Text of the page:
Howard Dean's dramatic fall opened up the New York primary race.
(CNN) -- Massachusetts Sen. John Kerry continued his march to the Democratic nomination on Super Tuesday, winning New York and most of the 10 states that held primaries on March 2.
When New York Democrats finished up plans for their Super Tuesday primary last September, most figured a candidate from a neighboring state -- former Vermont governor Howard Dean, Sen. John Kerry of Massachusetts or Sen. Joe Lieberman of Connecticut-- would command the headlines come March 2, 2004.
Weeks ahead of the primary, Kerry was the odds-on favorite to take the state, and to take on President Bush in the general election. Kerry's only viable competition came from from North Carolina Sen. John Edwards, who never registered above 3 percent in statewide polls before February.
The New York Times called the primary a "make-or-break contest" for Edwards -- his best opportunity to prove he could win a delegate-rich Northern state and be a viable alternative to Kerry nationwide. But Edwards was unable to overcome the Massachusetts senator and Kerry won handily with more than 60 percent of the vote.
The Rev. Al Sharpton also sought to make a big impression in his home state, although he did not factor significantly in New York (or national) polls during the peak of the primary election season.
Kerry, meanwhile, hoped convincing victories in New York and nine other Super Tuesday contests would knock Edwards, his last real competitor for the nomination, out of the race, which is exactly what happened. Edwards withdrew a day after Super Tuesday and said he would do all he could to help Kerry win the general election in November.
The Massachusetts senator campaigned hard for New York votes, knowing firsthand how comebacks and pitfalls had already defined the 2004 Democratic campaign.
In early January 2004, Kerry tied for fifth with Rep. Dick Gephardt, garnering the support of 6 percent of surveyed voters in a Marist University poll. Edwards tied for last in the same survey, with a paltry 2 percent backing.
His national profile and popularity having soared late in 2003, Howard Dean ruled the field in that survey, more than doubling that of his closest foe, Lieberman.
Then came the January 19 Iowa caucuses. Amidst a bitter battle between pre-race favorites Dean and Gephardt, both Kerry and Edwards surged from nowhere days before the contest to finish first and second, respectively. (Dean placed third and Gephardt fourth, a result that prompted him to end his presidential bid the following day.)
The Massachusetts senator rode the momentum from his Iowa win into New Hampshire, winning that primary and all but two other contests.
Edwards, meanwhile, won South Carolina and had several strong second-place showings. Dean racked up scores of delegates, but not any wins. Both men pointed to the February 17 Wisconsin primary as their chance to show that they were Kerry's main competitors for the nomination.
As in Iowa, Edwards surpassed expectations in Wisconsin to rally within a few percentage points of the eventual winner, Kerry. Dean lagged far behind -- with roughly half the votes of the two senators -- to place a disappointing third and ended his campaign a day later.
The move freed up Dean's broad New York support base, led by five U.S. representatives, dozens of state legislators and 38 of the state's 62 Democratic county chairs. His rank-and-file backers -- including 70,000 voters who had contributed money twice or volunteered for the campaign, according to a campaign list -- also were suddenly up for grabs.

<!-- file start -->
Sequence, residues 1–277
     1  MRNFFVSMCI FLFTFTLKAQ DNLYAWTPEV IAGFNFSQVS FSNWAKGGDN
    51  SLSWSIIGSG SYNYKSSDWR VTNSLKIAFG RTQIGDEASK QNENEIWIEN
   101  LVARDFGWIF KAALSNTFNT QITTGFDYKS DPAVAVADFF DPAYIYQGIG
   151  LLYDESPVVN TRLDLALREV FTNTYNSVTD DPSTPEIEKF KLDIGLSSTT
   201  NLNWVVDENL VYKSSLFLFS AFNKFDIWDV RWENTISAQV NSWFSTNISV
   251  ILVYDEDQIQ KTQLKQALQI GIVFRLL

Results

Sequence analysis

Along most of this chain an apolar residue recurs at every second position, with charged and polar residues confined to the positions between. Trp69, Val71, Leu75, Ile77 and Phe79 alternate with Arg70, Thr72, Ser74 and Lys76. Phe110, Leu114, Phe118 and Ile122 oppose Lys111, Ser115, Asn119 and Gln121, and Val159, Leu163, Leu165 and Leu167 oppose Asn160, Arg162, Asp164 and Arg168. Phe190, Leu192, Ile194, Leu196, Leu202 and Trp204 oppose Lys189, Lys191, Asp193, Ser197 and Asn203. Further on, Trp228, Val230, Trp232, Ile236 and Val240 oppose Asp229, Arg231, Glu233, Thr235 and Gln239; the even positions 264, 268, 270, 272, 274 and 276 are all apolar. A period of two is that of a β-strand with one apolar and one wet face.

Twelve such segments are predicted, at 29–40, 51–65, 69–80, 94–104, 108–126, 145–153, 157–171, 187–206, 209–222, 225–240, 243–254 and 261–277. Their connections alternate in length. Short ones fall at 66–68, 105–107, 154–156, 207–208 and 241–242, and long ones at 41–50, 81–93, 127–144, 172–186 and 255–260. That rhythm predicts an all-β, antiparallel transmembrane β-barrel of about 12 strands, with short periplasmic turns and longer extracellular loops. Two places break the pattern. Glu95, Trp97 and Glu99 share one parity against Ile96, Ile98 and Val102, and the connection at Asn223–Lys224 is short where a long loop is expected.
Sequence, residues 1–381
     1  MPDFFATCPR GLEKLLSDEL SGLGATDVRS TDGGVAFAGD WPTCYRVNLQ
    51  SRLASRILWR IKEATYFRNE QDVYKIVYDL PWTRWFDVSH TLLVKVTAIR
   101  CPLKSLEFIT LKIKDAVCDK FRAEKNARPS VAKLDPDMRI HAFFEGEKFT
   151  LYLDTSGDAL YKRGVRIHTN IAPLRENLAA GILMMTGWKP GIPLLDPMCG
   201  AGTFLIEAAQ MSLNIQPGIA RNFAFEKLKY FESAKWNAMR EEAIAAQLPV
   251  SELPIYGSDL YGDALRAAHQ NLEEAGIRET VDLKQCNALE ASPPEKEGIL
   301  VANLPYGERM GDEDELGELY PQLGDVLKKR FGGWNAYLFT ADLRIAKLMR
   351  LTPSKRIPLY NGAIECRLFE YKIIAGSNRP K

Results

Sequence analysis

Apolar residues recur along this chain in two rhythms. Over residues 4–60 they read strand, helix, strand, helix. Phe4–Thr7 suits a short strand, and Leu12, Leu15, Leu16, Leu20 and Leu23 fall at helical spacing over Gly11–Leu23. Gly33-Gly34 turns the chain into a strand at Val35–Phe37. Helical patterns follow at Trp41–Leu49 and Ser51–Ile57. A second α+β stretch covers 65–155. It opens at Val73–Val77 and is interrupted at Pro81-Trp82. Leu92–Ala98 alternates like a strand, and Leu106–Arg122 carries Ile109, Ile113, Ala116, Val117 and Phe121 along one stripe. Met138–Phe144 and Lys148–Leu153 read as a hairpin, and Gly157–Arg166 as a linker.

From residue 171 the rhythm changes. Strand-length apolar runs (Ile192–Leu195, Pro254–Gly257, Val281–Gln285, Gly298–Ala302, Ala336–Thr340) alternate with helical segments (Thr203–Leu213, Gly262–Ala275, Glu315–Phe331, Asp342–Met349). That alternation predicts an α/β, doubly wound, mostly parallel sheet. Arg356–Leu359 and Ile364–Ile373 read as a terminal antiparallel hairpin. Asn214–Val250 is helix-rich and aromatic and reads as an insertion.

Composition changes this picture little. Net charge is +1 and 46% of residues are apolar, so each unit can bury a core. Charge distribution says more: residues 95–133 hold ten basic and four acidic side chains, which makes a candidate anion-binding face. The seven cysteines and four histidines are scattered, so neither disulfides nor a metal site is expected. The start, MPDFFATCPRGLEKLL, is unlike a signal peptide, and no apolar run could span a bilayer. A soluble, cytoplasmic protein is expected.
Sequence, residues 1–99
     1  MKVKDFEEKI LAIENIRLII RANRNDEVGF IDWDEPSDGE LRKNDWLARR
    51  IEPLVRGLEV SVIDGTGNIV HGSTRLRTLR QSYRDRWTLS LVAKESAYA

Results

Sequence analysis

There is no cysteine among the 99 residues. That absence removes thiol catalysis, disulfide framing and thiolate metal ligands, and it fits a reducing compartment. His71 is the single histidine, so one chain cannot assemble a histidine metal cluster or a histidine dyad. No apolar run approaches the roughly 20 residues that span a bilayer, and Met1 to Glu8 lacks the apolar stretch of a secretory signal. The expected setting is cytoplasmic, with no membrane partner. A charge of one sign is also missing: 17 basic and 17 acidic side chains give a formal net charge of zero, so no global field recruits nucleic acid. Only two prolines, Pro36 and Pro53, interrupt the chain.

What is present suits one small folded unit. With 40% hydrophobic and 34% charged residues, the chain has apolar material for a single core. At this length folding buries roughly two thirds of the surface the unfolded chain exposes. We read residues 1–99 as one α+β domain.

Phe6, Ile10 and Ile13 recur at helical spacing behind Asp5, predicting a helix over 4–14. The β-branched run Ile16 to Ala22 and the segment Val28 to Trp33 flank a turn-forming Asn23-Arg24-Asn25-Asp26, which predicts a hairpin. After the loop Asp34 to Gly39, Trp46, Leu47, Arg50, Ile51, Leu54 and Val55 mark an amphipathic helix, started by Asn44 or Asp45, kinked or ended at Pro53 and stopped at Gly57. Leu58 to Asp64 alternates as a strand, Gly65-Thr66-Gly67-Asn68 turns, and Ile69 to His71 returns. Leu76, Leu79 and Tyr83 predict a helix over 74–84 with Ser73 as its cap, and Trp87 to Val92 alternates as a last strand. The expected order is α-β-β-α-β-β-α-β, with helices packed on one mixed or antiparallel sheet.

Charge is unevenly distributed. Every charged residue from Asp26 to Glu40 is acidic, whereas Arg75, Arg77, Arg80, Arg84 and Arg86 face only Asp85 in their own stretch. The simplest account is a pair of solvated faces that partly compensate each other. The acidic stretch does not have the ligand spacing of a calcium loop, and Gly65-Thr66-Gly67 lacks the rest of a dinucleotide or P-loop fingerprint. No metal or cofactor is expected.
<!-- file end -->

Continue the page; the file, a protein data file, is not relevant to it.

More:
Almost immediately, Edwards redoubled his New York efforts, hoping to capitalize on Dean's exit and his own momentum.
Several top New York-based former Dean staffers launched a Web site urging the former governor to back Edwards, while the North Carolina senator extolled his former rival on the campaign trail and called him his "friend."
"You always get resentful towards the guy who beats your guy, and in this case that was Kerry," said Ethan Geto, Dean's state director, 11 days before the primary. "Edwards, if he played every card right from now until March 2 and hit his issues right on the head, ... has a serious shot at scoring a startling victory here."
In addition to several closed-door fund-raisers, Edwards spent the weekend after Wisconsin pushing for votes from Long Island to New York City to Rochester and, like Kerry, buying TV ads in upstate New York -- but not in the costly metropolitan New York City market.
Yet, Kerry remained the indisputable New York favorite. A Marist survey, conducted between February 17 and 19, showed him leading Edwards 66 percent to 14 percent among likely voters.
The poll offered some wiggle room for Edwards, though, as only half of those polled said they "strongly" supported their choice and nearly half said they wanted the Democratic campaign to continue past Super Tuesday.
Kerry, meanwhile, campaigned in Harlem and Queens, raised money in posh sections of Manhattan, and sat down with New York Times staff one week ahead of the primary. On February 26, the newspaper endorsed him in advance of the upcoming primary.
State Attorney General Eliot Spitzer, Assembly Speaker Sheldon Silver, Manhattan Borough President C. Virginia Fields, Rep. Gregory Meeks and Rep. Charles Rangel also supported Kerry.
As he had throughout the primary season, Sharpton stayed active in New York campaign circles in stressing urban and minority issues. But besides a second-place finish in D.C. and third in South Carolina, the civil rights activist failed to make a splash nationally and only got 7 percent support in the February 20 Marist poll.
Fellow long shot Rep. Dennis Kucinich also never factored into the New York race, despite his best showing to date -- a strong second -- in the February 24 Hawaii caucuses.